Wall Street banks pivot from pandemic to boom times
Look no further than the flood of bank earnings out today for evidence the pandemic crisis is long over on Wall Street.
Why it matters: Banks are riding high — helped by wild activity in deals and the stock market — as the worst of the pandemic's economic impact sits in the rearview mirror.
The clearest sign: Banks set aside billions of dollars' worth of rainy day funds for potential bad loans when COVID-19 hit.
- They were too pessimistic. Now that money is going back in the coffers at the quickest pace yet at JPMorgan and Wells Fargo.
At Goldman Sachs: Average balances in its prime brokerage business — the one that services hedge funds and worked with the now blown-up Archegos Capital — hit a record high.
At JPMorgan: "We're buying back stock because our cup runneth over. ... We're holding a tremendous amount of money and we really have no option right now," CEO Jamie Dimon told analysts today.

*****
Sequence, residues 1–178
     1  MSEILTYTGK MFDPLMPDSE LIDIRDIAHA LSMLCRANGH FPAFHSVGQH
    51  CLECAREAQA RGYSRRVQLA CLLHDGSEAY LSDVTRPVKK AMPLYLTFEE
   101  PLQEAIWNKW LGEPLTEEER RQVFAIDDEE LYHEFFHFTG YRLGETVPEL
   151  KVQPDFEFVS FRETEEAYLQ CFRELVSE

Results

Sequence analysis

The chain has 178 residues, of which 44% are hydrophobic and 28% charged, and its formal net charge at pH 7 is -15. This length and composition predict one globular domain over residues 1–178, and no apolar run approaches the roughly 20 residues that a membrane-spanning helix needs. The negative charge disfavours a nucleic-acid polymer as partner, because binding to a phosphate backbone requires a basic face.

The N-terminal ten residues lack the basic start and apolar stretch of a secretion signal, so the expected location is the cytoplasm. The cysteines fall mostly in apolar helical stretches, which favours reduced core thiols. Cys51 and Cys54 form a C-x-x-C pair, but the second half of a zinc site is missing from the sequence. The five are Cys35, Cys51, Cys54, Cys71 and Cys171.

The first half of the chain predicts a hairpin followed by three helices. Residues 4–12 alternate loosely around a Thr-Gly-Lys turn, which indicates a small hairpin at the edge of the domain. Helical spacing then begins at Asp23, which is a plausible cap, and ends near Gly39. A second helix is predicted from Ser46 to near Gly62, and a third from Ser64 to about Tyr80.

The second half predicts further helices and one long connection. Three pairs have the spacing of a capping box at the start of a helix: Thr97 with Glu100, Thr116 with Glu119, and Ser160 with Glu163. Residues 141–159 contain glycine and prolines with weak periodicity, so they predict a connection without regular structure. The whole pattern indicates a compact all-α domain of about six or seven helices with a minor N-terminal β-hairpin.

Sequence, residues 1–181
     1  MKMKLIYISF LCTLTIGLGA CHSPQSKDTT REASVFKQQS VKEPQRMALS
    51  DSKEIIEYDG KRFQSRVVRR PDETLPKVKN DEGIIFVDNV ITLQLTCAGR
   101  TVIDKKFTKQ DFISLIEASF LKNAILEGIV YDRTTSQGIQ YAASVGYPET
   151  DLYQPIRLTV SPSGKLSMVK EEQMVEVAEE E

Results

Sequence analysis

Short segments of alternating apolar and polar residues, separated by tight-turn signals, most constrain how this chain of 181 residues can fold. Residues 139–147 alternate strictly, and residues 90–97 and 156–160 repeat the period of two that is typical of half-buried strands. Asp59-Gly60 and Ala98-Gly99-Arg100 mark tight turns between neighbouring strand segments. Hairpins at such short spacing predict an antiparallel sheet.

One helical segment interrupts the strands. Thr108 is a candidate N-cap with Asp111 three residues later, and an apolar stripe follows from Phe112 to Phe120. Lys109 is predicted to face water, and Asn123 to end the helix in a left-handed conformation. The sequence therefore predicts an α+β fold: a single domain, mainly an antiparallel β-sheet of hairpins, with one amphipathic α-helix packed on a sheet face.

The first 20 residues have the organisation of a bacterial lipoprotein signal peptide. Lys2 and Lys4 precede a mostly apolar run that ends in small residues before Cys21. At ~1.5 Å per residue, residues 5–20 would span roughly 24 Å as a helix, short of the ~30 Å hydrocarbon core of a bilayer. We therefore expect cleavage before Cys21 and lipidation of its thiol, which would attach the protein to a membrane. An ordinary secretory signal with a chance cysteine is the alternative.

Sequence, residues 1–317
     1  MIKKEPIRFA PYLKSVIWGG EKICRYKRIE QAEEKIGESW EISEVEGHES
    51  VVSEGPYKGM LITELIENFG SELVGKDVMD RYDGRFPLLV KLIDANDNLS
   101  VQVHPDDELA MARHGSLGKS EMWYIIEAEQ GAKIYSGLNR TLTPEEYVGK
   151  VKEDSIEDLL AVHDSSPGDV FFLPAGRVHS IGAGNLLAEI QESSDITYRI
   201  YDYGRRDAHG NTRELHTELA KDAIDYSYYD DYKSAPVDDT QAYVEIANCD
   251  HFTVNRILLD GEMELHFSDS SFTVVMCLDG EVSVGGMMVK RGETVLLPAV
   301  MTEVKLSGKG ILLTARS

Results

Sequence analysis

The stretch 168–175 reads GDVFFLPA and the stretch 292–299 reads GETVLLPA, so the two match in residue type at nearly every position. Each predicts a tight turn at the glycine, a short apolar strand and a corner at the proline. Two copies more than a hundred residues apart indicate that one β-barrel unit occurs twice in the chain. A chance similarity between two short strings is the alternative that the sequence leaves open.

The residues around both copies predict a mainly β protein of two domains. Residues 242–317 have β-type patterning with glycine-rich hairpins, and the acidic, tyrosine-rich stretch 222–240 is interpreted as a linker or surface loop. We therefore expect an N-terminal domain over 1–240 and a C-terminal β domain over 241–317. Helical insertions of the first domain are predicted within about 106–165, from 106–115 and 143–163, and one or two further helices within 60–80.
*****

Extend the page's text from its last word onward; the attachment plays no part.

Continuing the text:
Catch up quick …
- Investment banking boomed, helped by the SPAC-a-palooza. Here JPMorgan raked in record fees, while Goldman's revenue exceeded expectations by $1 billion.
- Trading desks soared on the back of the market mania. Goldman says revenue here jumped almost 50% from a year earlier.
- Consumer-related segments were also strong. Spending across JPMorgan’s consumer business — like on its debit cards — returned to pre-pandemic levels. It’s a similar story at Wells Fargo.
What to watch: Businesses and consumers are still taking out loans at a snail's pace. Loans fell 4% from a year earlier at JPMorgan. Wells Fargo called out tepid loan demand and low-interest rates as a headwind.
What’s happening: Cash (for some) is plentiful, creating less demand. Others might still be too skittish about what’s ahead to take on more debt.
- “We’re gonna know when the crisis is over when people start borrowing again and when that borrowing ends up showing up in loans,” Jesse Rosenthal, a bank analyst at CreditSights, tells Axios.
What's next: More from big banks.
- Bank of America and Citigroup earnings are on deck Thursday, followed by Morgan Stanley on Friday.